Film world remembers Gary Cooper on centenary of his birth


Wednesday, May 2nd 2001, 12:00 am
By: News On 6



LOS ANGELES (AP) _ In 1961, Hollywood was surprised when the Motion Picture Academy's board gave Gary Cooper an honorary award for his long career.

Not that he didn't deserve it. But he had already won two Oscars as best actor, and honorary awards had traditionally been presented to those who had never received one.

The explanation came at the awards ceremonies that April 17. Jimmy Stewart accepted the Oscar and spoke directly to Cooper, who was watching the show at home.

``We're very, very proud of you, Coop,'' Stewart said, unable to hold back tears. ``All of us are tremendously proud.'' He ended with a mournful ``Aw, Coop.''

The black-tie audience was stunned. It was known that Cooper was ill, but few realized how dire his condition was. Two days later, his family announced that he had cancer. President Kennedy called. So did Cooper's hunting pal, Ernest Hemingway. On May 13 he was dead, six days after his 60th birthday.

Today, Gary Cooper is a faded name, except to those addicted to vintage movie channels. To their parents and grandparents, he was the great American hero, representing the United States to the world in the glory years of Hollywood movies.

The Academy is celebrating the May 7 centennial of Cooper's birth with a symposium Thursday night that includes Cooper's daughter, Maria Cooper Janis, and his colleagues Joan Leslie, Karl Malden and Frances Dee. The tribute will be repeated at New York's Museum of Modern Art on May 31. The Academy has assembled memorabilia that includes Cooper's saddle and chaps and one of his Oscars.

Among other observances: a film series at UCLA; a tribute at the film festival in Sun Valley, Idaho, where Cooper skied and palled with Hemingway; and a program at the American Museum of the Moving Image in New York.

Among silent screen stars, Cooper was the first to bring a new kind of film acting to talkies: underplaying. Silent film actors necessarily overacted because their work was in effect pantomime. But Cooper's style was taciturn, low-key, quick to action when needed. He paved the way for a parade of strong and silent types, including Spencer Tracy, Humphrey Bogart, John Wayne and Gregory Peck.

What was Gary Cooper really like?

Not much different from his screen persona, said Joan Leslie, who played Gracie, the child bride of Alvin York in 1941's ``Sergeant York.''

``He was definitely a very shy person,'' Leslie commented. ``I think he was happiest when he went off into the hills with (director) Howard Hawks to shoot skeet.''

She added: ``I was 16 years old, and very new at Warner Bros. How would I talk to him, this very monument of a man? I had seen 'The Plainsman' 10 or 11 times. When I met him, he treated me as a little sister; he was kind and very informal.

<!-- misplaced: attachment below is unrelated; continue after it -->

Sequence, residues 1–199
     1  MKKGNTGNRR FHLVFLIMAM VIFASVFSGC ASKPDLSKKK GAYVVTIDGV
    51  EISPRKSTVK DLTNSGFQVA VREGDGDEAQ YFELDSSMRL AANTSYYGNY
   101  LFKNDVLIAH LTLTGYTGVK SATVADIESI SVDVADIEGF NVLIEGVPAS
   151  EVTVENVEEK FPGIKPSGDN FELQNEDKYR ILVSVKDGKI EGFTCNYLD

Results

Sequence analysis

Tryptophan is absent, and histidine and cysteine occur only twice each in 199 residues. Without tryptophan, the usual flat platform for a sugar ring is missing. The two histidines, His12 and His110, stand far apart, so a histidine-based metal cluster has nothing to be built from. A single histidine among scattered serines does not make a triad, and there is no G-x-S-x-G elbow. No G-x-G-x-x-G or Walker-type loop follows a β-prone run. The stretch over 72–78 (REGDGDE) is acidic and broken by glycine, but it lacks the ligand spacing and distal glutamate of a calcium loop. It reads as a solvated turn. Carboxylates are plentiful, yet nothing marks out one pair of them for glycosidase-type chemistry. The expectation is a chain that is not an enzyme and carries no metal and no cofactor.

``I didn't know what to call him. `Mr. Cooper' was much too formal. 'Gary' out of the question. When I met him on the set, he said, 'Well, howdy-do, Miss Gracie' with that exquisite smile that was so sincere, so delicious, just devastating. I responded: 'Well, Ah'm fine, Mistuh Alvin.' And we were Miss Gracie and Mistuh Alvin from then on.''

Janis, author of ``Gary Cooper Off Camera: A Daughter Remembers,'' agrees that her father was shy.

``He didn't need to be declamatory for his own sake, to prove that 'Hey, world, here I am!' That wasn't his nature,'' she observes. ``He was very, very comfortable and content in his own skin. That permits one to step back and observe and listen.''

Richard Schickel, a Time magazine film critic and historian who made a TV documentary about Cooper, analyzes the star's career:

``Like all actors of his style, he was unappreciated at the time. It became a cliche: 'He played himself' ... He did just naturally what other actors had to work like dogs to do, which is to appear completely realistic.''

Frank James Cooper was born in Helena, Mont., but he was no prairie cowpoke. His father served as a justice of the state supreme court, and Frank attended grammar school in England and two years at Iowa's Grinnell College. He took part in the campus drama club, yet yearned to be a political cartoonist.

In 1924, he moved to Los Angeles, hoping for work at a newspaper. Finding none, he took odd jobs until friends made connections with movie casting directors. Cooper worked as an extra in Westerns, played heavies in two-reelers, and finally drew notice as the second lead in 1926's ``The Winning of Barbara Worth.'' Since there were other Frank Coopers in films at the time, his agent renamed him Gary, after her hometown in Indiana.

A brief, poignant role in 1927 as a doomed flier in ``Wings,'' the first movie and only silent to win the Academy Award, established him as a star in such demand that he made seven pictures the next year.

With his tall, slim figure, handsome looks and low-keyed, Western-tinged voice, Cooper excelled not only in Westerns and adventure films, but also in romantic comedies. Noted for romancing his leading ladies, he was married in 1933 to Veronica Balfe, a socialite who acted briefly under the name Sandra Shaw. In 1949, Cooper had a widely publicized affair with Patricia Neal, his co-star in ``The Fountainhead.'' Neal finally ended it when Cooper refused to leave his wife.

``Mr. Deeds Goes to Town'' (1936) brought Cooper's first Academy nomination, and he won the award in 1941 as the World War I hero in ``Sergeant York.'' He was nominated the following year for his portrayal of baseball great Lou Gehrig in ``The Pride of the Yankees.'' His reputation reached its height in 1952 with his second Oscar, for ``High Noon.''